There was money on their heads and when local fishermen found them, and James, cowering in a vessel anchored off Shellness, nearby, they seized them, landed them at Oare, and frog-marched them into Faversham. The man in civvies they didn’t recognise; and it was left to Richard Marsh, a brewer in the town, to identify him. He wasn’t at all well treated, and feared for his life. However the new régime had the sense not to make a martyr of him, and after some delicate negotiations the captive king was released and then allowed to resume his flight to the Continent.
Church, farm and manor house
In Church Road, the village street, there are still some of the buildings James II would have seen, most notably the Church itself, a medieval building standing on the edge of a precipitous slope and so commanding fine views over the creek and beyond. Imagine seamen coming here to offer thanks for their safe return from stormy seas, even shipwreck.
Next door is ancient Pheasant Farm, now a private house, and its superb 17th-century barn, imaginatively converted into a home. Not far away, up a private track, is Court Lodge, the old manor house, recently lovingly restored.
Serenity at the shoreline
The road beyond is a cul-de-sac - but what a dead end! Don’t miss it. About 1km further on are old coastguard cottages, complete with disused gun emplacement, and then the road suddenly dips. This is the old coastline. Beyond is a vast area which in the 19th century was reclaimed from tidal saltings. The road ends at Harty Ferry but continues over the sea wall as a hard.
There’s no ferry now across The Swale to the Isle of Harty, opposite, more’s the pity; so the historic Ferry Inn on the other side is out of reach unless you have a boat - or can be bothered to spend 45 minutes getting there by road! But at least there’s a wonderful serenity about this shoreline, and some superb views.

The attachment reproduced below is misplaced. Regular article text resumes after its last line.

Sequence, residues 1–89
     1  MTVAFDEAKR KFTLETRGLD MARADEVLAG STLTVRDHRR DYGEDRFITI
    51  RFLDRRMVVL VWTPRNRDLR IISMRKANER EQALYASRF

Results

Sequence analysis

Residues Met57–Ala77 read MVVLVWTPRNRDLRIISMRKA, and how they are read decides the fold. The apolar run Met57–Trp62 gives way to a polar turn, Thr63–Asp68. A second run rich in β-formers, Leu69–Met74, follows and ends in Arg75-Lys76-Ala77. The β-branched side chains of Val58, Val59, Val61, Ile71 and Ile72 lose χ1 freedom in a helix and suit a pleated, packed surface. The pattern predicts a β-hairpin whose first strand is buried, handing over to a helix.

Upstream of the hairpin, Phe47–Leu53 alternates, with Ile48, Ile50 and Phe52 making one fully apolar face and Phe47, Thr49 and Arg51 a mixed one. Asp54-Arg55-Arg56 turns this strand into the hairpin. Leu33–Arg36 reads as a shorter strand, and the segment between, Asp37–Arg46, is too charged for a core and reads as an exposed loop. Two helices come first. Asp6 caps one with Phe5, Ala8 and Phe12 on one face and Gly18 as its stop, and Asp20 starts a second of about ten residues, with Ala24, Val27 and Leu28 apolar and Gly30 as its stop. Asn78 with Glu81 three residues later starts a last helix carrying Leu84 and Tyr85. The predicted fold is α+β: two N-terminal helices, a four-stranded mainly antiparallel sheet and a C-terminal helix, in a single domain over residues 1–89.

From high explosives factory to nature reserve: Oare Marshes
Gushing with pure, fresh water, you may notice an artesian well. This is a survivor of a fuse factory which once stood here. A factory in this remote spot? Yes, not just this one, but three. On the other side of the road was the Cotton Powder Company, producing every kind of high explosive, and in vast quantities, and, beyond it, the Explosives Loading Company, filling bombs and shells with its product. Between them these two factories occupied an area larger than the City of London, with their own offices, power station and railway network. Imagine something like a huge modern chemical factory.
They all went at the end of the First World War and now ... most of the site is the Oare Marshes Nature Reserve, famous for its birdlife, a wetland site of international importance, carefully conserved for us all by the Kent Wildlife Trust. There’s an informative Visitor Centre, usually open at week-ends. Just don’t forget to bring your binoculars!
Uplees and the Great Explosion
Retrace your track and make for Uplees, still in Oare. Another remote spot, with fine farmland on a ridge overlooking the marshes. An unmetalled track and public footpath leads down to another part of the explosives factory complex. Sheep now graze safely where once stocks of TNT were made - and built up. One of the magazines blew up in the Great Explosion of 2 April 1916 - the worst in the history of the UK industry - and more than 100 staff lost their lives. Their mass grave in Faversham cemetery is best seen in spring, when it is carpeted with daffodils.
Back in the village, just beyond the head of the creek, is Oare’s other nature reserve - Oare Meadow. Tiny by comparison with Oare Marshes, this is important mainly for its plant life. Never disturbed by drainage, ploughing or seeding, it is unusual in supporting both fresh- and salt-water plants.
Smuggling, what about smuggling? There are so many stories, and not all of them are true, but, yes, it was a major local industry in the 18th century. Almost everyone was in on the game, one way and another, including sometimes officers of HM Customs & Excise, whose eyes could so easily be blinded by a bribe or two.